Anger Has Its Partners in Crime
When was the last time you got really angry? Take a moment to think about what happened. Remember the events and circumstances that led up to the incident. Analyze how you felt and try to pinpoint why you responded the way you did.
When you take a minute to meditate on a moment when you were really angry, you might notice anger is a huge emotion that overshadows all other emotions. When we dig deeper we find that there is a lot hidden inside our anger. Anger doesn’t like to travel alone. Anger is almost always accompanied by another emotion. Fear, embarrassment, pain, guilt, pride, and disappointment are all emotions that can incite and accompany anger. What emotions are inciting your anger?
“What emotions are hiding behind my anger?”
Check in with yourself and ask, “What emotions are hiding behind my anger?” This can help you deal with your anger in a productive and positive way. When we do this we will gain new information about ourselves and our relationships. With this new information, we are better equipped to act with maturity. Consider this example:
A parent and child are walking on the sidewalk. The child starts to cross the street, but a car is coming. The parent grabs the child and pulls them to safety. As soon as the danger has passed the parent starts yelling at the child telling them that they could have been killed and that they need to be more careful. The parent is feeling extremely angry.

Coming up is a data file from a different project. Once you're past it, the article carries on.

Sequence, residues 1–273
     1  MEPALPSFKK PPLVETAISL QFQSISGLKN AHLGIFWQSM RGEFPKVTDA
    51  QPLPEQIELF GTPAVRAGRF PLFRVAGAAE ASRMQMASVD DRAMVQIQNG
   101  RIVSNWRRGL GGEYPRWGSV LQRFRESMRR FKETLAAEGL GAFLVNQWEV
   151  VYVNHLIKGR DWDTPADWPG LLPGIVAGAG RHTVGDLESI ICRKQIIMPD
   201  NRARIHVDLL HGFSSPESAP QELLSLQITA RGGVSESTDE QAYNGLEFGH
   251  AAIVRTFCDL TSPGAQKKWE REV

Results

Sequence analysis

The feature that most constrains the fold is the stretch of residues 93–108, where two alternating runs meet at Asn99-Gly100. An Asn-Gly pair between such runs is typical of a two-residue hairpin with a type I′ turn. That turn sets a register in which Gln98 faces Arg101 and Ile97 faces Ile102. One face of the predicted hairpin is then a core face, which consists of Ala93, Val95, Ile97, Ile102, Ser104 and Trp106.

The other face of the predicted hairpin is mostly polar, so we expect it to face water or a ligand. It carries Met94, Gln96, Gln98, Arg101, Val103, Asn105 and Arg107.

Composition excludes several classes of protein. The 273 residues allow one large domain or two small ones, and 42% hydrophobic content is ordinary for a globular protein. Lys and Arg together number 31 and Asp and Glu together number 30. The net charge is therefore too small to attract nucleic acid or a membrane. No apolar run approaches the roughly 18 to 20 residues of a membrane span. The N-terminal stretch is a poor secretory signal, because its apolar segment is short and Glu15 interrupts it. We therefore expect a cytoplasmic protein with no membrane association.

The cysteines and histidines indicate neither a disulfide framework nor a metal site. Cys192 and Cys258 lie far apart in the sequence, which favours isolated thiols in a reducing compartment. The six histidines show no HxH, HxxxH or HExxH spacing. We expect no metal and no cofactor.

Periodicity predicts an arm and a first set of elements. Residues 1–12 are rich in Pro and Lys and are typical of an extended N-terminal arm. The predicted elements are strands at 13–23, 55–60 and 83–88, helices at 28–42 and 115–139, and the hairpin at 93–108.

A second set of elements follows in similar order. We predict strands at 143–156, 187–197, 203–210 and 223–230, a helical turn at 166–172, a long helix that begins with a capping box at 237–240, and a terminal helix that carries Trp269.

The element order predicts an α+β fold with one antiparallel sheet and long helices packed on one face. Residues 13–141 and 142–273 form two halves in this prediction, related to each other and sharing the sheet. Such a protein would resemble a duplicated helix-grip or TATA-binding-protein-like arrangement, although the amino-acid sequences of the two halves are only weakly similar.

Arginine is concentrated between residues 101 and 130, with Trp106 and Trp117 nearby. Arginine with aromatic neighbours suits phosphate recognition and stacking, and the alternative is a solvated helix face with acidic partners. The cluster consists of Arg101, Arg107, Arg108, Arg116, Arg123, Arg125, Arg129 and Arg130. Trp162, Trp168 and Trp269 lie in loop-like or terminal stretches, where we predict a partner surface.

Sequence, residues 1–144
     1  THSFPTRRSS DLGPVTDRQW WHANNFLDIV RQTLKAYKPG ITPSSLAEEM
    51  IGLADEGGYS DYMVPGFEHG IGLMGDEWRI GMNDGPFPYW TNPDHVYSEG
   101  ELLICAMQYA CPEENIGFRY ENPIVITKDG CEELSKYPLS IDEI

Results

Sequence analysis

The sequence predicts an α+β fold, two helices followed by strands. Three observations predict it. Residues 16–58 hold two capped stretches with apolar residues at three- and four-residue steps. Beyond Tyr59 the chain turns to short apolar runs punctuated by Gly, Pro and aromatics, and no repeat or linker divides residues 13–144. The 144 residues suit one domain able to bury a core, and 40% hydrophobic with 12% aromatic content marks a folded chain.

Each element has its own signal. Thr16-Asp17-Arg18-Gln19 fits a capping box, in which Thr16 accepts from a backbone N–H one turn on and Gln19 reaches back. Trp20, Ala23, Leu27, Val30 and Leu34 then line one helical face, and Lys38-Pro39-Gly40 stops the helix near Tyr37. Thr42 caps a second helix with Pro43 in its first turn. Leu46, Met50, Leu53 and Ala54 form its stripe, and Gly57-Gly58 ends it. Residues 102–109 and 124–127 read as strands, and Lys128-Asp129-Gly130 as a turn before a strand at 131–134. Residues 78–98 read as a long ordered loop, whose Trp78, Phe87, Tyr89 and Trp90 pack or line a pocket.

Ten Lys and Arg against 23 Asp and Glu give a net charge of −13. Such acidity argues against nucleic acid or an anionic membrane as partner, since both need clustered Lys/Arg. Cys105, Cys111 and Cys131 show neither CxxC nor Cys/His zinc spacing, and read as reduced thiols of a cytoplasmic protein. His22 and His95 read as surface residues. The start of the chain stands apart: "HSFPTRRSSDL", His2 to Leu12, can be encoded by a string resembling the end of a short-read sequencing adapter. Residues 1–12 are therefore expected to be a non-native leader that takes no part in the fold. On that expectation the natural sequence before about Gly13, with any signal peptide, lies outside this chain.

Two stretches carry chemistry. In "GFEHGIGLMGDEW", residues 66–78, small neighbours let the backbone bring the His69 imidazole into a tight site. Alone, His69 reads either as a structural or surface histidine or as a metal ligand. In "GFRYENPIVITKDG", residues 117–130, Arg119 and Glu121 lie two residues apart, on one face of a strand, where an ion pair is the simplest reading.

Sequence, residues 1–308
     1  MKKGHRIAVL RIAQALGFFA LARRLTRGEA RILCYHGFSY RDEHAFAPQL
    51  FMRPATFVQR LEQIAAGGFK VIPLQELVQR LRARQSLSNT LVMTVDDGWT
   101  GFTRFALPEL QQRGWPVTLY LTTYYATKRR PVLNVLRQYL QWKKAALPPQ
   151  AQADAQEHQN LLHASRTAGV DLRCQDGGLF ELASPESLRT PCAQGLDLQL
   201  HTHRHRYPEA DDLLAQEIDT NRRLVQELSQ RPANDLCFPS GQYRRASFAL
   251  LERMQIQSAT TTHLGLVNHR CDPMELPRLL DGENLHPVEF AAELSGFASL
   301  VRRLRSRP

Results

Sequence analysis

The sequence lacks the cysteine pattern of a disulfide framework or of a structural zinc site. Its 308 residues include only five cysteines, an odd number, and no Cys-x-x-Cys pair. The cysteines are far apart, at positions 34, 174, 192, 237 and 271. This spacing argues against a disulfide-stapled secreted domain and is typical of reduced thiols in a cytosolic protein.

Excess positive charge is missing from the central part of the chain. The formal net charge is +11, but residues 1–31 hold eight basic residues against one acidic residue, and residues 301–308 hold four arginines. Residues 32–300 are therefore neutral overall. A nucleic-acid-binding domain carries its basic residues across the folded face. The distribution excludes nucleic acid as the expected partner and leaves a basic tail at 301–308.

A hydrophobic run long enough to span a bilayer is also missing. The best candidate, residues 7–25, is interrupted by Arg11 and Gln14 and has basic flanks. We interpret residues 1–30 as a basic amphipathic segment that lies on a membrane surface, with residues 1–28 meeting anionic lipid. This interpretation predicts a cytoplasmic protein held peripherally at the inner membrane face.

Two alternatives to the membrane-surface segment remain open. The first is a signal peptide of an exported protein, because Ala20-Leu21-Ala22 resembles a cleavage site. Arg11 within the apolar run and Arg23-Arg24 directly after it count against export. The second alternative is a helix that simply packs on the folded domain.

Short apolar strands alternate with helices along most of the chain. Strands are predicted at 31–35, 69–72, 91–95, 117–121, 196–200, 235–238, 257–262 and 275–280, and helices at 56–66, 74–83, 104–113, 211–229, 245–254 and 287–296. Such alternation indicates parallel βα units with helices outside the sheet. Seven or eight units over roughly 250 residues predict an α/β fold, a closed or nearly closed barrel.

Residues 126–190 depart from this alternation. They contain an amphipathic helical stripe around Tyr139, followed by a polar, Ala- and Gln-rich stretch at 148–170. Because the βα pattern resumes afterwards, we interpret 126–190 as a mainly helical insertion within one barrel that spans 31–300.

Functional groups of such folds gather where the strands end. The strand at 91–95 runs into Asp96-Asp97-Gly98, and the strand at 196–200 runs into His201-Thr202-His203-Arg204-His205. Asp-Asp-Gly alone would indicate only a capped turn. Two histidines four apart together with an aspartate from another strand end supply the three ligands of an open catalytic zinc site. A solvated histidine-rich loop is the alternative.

There is no question that in this case, the child needs to learn a serious safety lesson. But let’s consider why the parent got so angry? The anger probably developed from the emotion of fear, fear that their child almost got hurt or even died.
If the parent examined their thoughts before expressing their anger, they would realize their anger was fueled by another emotion. In this case, it is fear. What inspired that fear in the parent? Probably a deep and unconditional love for their child. In recognizing the primary emotion was love and not fear, the parent will have a very different conversation with the child. Instead of yelling, the conversation might center around love, safety and how scared the parent felt when the child carelessly tried to cross the street. Take a minute to think about how you would respond to this situation, with this new awareness.
The next time you feel angry, identify its “partners in crime.” Doing this will be a helpful exercise in self-management with a positive impact. Instead of engaging in secondary, and often misleading emotions, you can connect with the truth in every relationship.
Gonan is the originator of the philosophies behind Gozamm, the home of the Parentology, Trust and Open Heart workshops. An industry thought-leader and a perennial innovator, Gonan is setting trends in the realms of families and business worldwide. Her eclectic background; being born in Turkey, married to a Swede, having lived in the Middle East for 25 years and now living in California, she truly brings a new dynamic perspective to an important field. -- view all articles